After nearly a decade of working with Flowserve, KC had enough of corporate lifestyle – a decade-worth of making month-end close, cash flow analysis, forecasting, budgeting, building better systems and processes. It was a good time for him to leave. By the time he left, Flowserve was doing $4.7 Billion in annual sales. KC got bored with corporate America as the focus was on maximizing everything instead of optimizing first. It’s all about perception over results. That didn’t sit too well with him as he is more about delivering results over perception. And that’s why he went from the big corporate background into the startup world. He started working with much smaller million dollar companies to make a bigger impact. At this point, he started seeing great results because he was able to be more hands-on with the marketing people, the operations people, and bring the whole team together and have everyone understand the finance settlements so they all can move in the same direction. This is the start of the idea of Together CFO.
After working with a few startups, KC started getting asked a lot of questions by people and he realized he is getting pretty good with being a CFO. And it was a huge opportunity to add value to small business owners. Together CFO started off helping startup businesses, but as they transitioned over the last few years, they now help with complaints that are doing around $1M-$2M as a minimum but that does include hyper-growth companies. Ultimately speaking, they help people better understand their numbers and metrics so that they can control business better in whichever direction they want to go – whether it’s a sale or acquisition, or whether they wanted to keep hold of a healthy business for generational wealth.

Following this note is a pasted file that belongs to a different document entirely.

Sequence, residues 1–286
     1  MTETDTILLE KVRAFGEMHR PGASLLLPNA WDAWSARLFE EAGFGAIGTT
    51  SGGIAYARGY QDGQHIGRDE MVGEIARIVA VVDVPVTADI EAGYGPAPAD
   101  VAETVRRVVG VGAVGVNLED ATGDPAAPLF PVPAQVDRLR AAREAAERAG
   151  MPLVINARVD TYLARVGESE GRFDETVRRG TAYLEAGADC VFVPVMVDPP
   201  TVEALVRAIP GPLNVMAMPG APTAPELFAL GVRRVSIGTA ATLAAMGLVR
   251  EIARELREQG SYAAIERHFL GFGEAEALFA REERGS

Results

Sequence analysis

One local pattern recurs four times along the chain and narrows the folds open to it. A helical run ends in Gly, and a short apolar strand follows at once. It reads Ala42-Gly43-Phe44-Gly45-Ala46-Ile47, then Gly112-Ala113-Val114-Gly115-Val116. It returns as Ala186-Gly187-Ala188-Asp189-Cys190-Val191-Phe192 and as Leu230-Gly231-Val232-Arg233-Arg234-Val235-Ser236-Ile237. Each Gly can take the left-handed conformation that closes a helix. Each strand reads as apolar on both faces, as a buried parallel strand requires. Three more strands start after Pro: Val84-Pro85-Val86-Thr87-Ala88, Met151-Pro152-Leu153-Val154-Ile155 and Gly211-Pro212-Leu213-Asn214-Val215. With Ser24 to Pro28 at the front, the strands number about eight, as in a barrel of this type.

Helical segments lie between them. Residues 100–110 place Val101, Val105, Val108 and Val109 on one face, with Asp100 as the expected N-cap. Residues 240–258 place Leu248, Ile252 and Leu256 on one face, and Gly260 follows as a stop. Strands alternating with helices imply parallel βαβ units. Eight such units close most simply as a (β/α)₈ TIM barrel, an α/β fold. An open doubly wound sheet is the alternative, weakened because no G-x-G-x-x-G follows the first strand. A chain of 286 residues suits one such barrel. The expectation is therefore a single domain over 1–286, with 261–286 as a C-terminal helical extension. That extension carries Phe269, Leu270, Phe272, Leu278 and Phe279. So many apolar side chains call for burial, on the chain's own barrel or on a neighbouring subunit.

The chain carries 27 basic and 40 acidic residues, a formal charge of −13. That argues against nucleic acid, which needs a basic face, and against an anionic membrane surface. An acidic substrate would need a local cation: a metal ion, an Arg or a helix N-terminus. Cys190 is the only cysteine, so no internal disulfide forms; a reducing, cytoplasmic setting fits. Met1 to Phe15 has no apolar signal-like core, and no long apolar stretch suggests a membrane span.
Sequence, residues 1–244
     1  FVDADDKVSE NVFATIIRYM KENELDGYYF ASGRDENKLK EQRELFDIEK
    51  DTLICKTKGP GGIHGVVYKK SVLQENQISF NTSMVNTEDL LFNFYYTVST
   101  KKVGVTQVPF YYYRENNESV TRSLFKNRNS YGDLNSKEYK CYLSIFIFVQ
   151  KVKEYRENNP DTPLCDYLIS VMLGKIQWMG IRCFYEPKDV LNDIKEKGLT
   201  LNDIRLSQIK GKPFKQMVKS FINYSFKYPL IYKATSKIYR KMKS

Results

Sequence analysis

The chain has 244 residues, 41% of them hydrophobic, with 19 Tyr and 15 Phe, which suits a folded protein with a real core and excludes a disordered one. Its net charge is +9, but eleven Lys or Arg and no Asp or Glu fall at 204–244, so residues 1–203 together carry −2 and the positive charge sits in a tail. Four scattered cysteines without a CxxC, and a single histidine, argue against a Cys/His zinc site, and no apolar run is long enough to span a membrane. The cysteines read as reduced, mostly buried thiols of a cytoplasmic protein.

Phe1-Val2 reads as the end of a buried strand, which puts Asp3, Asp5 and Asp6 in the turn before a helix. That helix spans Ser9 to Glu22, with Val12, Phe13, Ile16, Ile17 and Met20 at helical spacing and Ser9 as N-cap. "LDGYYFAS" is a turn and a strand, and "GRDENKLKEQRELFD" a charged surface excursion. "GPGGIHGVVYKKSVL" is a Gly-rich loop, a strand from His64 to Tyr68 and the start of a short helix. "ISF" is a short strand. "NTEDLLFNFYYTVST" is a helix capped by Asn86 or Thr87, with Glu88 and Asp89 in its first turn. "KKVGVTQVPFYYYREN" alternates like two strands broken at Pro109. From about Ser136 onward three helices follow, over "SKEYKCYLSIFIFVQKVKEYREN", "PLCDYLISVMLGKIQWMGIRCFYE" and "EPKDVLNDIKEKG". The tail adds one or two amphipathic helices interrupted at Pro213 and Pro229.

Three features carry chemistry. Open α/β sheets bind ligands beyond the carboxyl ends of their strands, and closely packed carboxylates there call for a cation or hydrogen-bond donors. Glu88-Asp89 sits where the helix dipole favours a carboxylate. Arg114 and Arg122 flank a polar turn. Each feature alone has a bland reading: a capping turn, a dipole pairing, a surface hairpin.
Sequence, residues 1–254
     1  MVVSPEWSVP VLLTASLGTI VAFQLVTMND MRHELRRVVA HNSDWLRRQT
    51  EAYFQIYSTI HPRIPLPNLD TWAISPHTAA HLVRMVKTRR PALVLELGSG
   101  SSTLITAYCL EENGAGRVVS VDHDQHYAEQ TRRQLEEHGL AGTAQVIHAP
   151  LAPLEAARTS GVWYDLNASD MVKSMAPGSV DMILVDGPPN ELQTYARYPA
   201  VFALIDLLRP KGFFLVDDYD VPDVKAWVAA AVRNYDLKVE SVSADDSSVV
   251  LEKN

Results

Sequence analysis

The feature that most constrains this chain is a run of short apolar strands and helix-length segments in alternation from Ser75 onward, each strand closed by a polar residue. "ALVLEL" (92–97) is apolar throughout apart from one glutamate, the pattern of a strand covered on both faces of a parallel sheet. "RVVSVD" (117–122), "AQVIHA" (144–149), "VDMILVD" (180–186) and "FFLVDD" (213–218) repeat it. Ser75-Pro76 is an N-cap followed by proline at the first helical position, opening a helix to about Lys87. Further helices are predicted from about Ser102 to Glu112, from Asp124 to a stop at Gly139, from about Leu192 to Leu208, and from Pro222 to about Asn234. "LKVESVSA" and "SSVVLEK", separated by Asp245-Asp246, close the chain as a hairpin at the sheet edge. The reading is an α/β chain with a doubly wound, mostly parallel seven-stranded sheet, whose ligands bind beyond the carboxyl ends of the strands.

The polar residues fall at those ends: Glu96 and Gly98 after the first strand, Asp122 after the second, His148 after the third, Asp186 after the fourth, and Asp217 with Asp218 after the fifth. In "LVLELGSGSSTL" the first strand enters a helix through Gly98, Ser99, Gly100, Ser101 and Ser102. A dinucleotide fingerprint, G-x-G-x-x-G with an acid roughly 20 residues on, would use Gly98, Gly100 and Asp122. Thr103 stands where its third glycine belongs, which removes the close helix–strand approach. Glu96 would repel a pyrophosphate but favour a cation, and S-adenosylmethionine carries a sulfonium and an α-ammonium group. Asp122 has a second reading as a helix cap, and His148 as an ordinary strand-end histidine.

What makes a good CFO?
One of the things that Together CFO pride themselves on is being able to explain the numbers to non-financial people and not have their eyes glazed over. The majority of CFOs are a little bit old school and traditional and they don’t deliver information in a way that’s enticing to the end-user. However, Together CFO presents their reports in an aqua lens fashion. They spend a lot of money on UX design to make sure that their reports make sense and that even non-financial people can understand them. And ultimately they can use that information in decisions to grow their business. A lot of it all boils down to communication and knowing who the end-user of the information is.
How to make working with someone virtual painless and comfortable?